Brian and I took off then to find Elizabeth and the three of us attended the reception together. I was delighted to bump into one of my favoritest professors from Iowa, Jim Tomkovicz. He taught me Criminal Procedure, and that was a tall order. Seriously, I become fast friends with Jim and his family and even babysat for them while I was in school. Fortunately, Jim’s research area intersects with Elizabeth’s and Brian’s scholarship interests and he agreed to be a resource for them. Elizabeth, Jim and I sat together at the dinner and had a delightful time. It was the perfect ending to a long day.

Friday, I had an early flight to Houston, Texas where we were having our first law school reception at the Texas Bar meeting. We didn’t learn about this opportunity until a little bit late, so unfortunately we weren’t able to join the other law schools on Thursday night when they all had their receptions. Next year, though we’ll be there with the other law schools on Thursday evening. Fortunately, the Texas Bar Association was gracious enough to allow us to host a reception for our alums on Friday. Teri Stafford met me in Houston for our reception.

As usual on the way to the airport I visited with my cab driver. The topic of the day was the change from zone billing to metered fares. My driver, as you might imagine had very strong opinions about the change and felt it disadvantaged people who lived at the edges of the zones. Many of them he said, were working people who took a cab to work, but now most likely would not be able to afford it. It was, as always an interesting discussion, and the trip to the airport went by quickly.

The Texas Bar meeting was being held at the Hilton Americas in Houston and we had a little bit of time after arriving to gather our thoughts and freshen up before our reception that evening.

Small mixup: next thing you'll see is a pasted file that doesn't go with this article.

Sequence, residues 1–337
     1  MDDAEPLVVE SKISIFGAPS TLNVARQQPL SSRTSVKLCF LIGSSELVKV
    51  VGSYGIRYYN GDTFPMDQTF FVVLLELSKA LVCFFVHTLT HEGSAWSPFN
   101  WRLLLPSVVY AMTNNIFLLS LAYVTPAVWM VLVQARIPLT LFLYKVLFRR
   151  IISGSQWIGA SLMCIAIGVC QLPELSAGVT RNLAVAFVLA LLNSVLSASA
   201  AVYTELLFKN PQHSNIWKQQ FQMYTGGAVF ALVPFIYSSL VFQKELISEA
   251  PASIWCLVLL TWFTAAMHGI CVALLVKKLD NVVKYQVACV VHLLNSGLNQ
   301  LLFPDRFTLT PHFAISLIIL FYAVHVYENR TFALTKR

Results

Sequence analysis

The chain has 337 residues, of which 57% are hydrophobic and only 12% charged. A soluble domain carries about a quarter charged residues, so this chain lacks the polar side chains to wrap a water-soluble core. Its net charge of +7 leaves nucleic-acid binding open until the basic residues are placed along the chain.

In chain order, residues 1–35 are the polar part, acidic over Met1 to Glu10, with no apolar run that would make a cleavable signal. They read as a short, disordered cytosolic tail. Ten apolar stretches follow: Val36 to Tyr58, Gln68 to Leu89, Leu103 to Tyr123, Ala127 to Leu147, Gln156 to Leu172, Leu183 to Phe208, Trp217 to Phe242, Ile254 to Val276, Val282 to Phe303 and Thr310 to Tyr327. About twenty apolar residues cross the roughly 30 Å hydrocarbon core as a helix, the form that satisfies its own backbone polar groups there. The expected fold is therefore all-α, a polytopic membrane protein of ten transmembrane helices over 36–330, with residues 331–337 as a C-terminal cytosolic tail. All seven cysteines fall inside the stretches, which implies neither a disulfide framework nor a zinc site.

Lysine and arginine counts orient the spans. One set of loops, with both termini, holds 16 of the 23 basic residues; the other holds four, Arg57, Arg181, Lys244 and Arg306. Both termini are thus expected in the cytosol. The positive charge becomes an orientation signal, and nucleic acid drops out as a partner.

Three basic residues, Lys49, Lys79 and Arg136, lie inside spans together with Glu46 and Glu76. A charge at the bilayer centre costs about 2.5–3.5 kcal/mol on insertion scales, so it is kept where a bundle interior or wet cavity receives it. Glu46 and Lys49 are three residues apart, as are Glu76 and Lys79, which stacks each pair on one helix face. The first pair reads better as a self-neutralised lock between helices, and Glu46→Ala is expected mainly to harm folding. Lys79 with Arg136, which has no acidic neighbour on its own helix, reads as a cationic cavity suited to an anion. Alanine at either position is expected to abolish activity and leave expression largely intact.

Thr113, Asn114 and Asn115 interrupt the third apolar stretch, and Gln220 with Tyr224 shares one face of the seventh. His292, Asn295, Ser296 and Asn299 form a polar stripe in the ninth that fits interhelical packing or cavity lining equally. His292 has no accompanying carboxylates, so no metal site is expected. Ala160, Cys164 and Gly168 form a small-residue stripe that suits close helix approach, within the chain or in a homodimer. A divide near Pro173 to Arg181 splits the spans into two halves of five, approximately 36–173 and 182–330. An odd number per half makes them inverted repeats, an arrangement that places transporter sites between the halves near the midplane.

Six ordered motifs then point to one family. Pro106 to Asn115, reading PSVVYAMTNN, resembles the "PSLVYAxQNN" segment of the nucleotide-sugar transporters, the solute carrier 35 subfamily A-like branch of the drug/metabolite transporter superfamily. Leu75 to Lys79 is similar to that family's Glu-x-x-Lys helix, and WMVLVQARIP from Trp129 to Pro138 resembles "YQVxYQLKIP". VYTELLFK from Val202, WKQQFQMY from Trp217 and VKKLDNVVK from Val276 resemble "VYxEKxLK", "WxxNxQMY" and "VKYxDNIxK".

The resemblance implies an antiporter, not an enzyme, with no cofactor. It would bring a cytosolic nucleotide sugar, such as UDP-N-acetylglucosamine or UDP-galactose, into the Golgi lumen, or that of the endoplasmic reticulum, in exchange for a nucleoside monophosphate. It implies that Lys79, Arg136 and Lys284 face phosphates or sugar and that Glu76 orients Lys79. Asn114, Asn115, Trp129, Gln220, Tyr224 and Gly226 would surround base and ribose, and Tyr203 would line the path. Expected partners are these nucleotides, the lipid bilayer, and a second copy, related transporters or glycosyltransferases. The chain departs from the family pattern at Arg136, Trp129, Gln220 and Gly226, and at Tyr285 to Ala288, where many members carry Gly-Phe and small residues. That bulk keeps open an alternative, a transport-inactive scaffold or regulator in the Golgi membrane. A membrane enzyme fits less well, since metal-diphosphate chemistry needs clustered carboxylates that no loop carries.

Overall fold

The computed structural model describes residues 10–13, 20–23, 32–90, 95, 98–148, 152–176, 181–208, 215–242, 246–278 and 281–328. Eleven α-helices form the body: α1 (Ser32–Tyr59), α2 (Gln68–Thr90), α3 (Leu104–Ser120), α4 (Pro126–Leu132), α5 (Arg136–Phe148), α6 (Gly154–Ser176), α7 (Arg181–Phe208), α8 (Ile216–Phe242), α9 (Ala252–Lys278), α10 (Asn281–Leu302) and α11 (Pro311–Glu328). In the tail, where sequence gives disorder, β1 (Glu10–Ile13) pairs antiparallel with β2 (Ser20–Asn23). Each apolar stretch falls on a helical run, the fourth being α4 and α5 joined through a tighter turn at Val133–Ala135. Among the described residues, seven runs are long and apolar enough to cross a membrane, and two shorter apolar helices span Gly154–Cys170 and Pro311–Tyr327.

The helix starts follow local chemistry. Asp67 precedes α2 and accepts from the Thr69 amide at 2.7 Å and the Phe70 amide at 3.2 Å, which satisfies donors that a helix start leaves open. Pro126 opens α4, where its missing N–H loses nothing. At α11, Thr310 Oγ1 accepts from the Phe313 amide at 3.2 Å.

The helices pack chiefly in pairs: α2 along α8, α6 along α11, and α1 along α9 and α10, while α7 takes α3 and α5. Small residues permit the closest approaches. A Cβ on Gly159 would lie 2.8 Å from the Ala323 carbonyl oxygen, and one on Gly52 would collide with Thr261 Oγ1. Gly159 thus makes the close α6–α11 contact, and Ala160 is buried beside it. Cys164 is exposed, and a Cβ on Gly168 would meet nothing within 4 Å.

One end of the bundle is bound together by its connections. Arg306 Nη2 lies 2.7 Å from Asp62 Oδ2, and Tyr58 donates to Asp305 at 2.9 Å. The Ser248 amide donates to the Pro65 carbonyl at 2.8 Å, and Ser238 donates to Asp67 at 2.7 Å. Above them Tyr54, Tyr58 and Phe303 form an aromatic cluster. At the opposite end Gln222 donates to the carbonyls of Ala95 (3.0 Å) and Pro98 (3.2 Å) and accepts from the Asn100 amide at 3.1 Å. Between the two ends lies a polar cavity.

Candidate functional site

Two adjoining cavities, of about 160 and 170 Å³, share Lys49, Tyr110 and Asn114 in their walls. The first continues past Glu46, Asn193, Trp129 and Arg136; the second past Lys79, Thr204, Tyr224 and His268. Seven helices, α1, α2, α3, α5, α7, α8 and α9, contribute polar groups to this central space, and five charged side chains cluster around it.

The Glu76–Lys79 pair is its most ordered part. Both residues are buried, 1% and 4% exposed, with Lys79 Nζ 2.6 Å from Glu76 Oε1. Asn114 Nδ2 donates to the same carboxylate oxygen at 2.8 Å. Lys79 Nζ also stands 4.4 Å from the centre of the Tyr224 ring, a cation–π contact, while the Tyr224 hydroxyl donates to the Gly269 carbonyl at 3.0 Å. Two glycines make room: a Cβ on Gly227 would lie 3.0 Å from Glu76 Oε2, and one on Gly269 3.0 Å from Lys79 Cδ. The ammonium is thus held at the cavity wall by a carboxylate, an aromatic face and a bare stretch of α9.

[I need to digress here to say that the Regional Director from my sorority Polly Sparks Turner (who I mentioned in an earlier blog posting because she came up to help the sorority celebrate it’s 10th anniversary of the chartering) lives in Houston, and when she learned I would be there she was amazing. She has a very good friend, Algenita Scott, who is very active in the National Bar Association which was having a reception the same evening. Thanks to Soror Polly, I was able to go from our law school reception the National Bar Association reception. Many thanks Soror Dr. Polly Sparks Turner for your thoughtfulness and for coming to our reception and for bringing Ms. Algenita Scott Davis, former president of the National Bar Association with you. What an honor to have them both as our guests. I also very much appreciate Algenita taking the time out of her busy day, prior to attending the National Bar Association reception, to come and meet me and to learn about the University of Arkansas.]

Teri and I were very excited about the U of A reception and we were delighted when a number of our alums attended including Mark Torian, Bob Middleton, Tina R. Green, Gary Holman, Cedrick Frazier and Charles Stewart. We gave them an update on the law school including the completion of the building, and also the upcoming academic and speakers programs, and ecouraged them to visit the law school. It was a wonderful, warm reception. Although we didn’t have as large a turnout as we would have liked, next year we’ll be visible with the other law schools. Then as people hop from reception to reception they’ll be able to stop in to learn more about the University of Arkansas. We’re looking forward to seeing many more of our alums. Also believe it or not, I ran into Rick and Clair Ramsay in the elevator. Rick is the outgoing President of the Arkansas Bar Association this year, and our alum. It was fun bumping into them at the Texas Bar meeting.

After leaving our reception, Soror Turner took me over to the National Bar Association reception. It was a fun event at which I was able to meet a number of lawyers, from around the country, who are active members of the National Bar Association. Although I am a long time member, I’ve never been to the annual meeting. Unfortunately, I had a conflict again this year again, I with SEALS, but I’m looking forward to attending in the future. In the meantime, it was just fun to hang out, to meet a number new folks, and to learn of upcoming the National Bar Association programs.

After that long week so it was time to head back to the hotel to get some rest. Saturday consisted of flying back to Northwest Arkansas and being grateful to be home.